Respect of Persons

James Boyd

Our text shall be James 2:1-13. The reason for the study is mentioned in the text itself, verse twelve, "So speak ye and so do." In this passage we have a charge to keep and a responsibility to teach and practice what is taught herein.

Among the several methods of study is the profitable method called textual study where we open the Bible. read. and ponder the message, learning the mind of God as revealed there, really digging into the divine message.

So often today when one thinks of respect of persons he thinks of racial problems and racial prejudices that exist. This is certainly one area where the principles of this lesson can and must be applied. But the text deals more specifically with another kind of respect of persons, and so we shall follow the text.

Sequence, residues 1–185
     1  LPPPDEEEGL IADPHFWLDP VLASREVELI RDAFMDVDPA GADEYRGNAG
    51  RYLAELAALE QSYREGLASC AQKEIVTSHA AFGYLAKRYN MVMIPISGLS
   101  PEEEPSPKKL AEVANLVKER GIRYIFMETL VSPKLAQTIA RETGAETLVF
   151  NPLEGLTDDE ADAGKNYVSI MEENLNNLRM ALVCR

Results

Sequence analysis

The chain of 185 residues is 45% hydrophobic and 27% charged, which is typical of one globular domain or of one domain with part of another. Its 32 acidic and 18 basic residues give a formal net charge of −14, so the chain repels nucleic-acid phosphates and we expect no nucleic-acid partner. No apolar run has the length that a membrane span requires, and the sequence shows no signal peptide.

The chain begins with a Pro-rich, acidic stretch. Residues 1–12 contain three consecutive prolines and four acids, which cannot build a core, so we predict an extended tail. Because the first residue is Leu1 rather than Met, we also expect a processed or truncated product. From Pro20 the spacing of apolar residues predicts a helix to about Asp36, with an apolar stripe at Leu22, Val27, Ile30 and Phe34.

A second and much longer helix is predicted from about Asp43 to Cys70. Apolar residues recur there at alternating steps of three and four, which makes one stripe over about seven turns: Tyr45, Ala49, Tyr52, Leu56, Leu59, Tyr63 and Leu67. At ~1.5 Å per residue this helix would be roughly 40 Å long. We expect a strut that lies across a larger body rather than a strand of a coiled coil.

Verse One

James begins by referring to his readers as “my brethren.” This is a warm and affectionate salutation, very fitting in view of the strong rebuke that was to be forthcoming because of infractions against the will of Christ that was being practiced.

Verse one speaks of “the faith of our Lord Jesus Christ,” which has reference to the entire Christian system, the religion of which Christ is the author and founder. The word faith" is used to represent the whole of Christianity. The message is, to paraphrase, "Brethren, do not hold to Christianity and at the same time be showing partiality and special concern for the rich and highly favored of the world." Such favoritism and exaltation of people because of worldly considerations is foreign to the spirit of "the faith. "

In verse one the Lord is called “the glorious Lord,” In spite of living humbly, enduring poverty, suffering, and persecution, lacking material wealth, worldly rank and power, outside the social dignitaries, yet, He was “the glorious Lord.” Since this was the case with Jesus, how unbecoming and inconsistent to show respect to others on the basis of such standards as that by which the world judges people and their worth.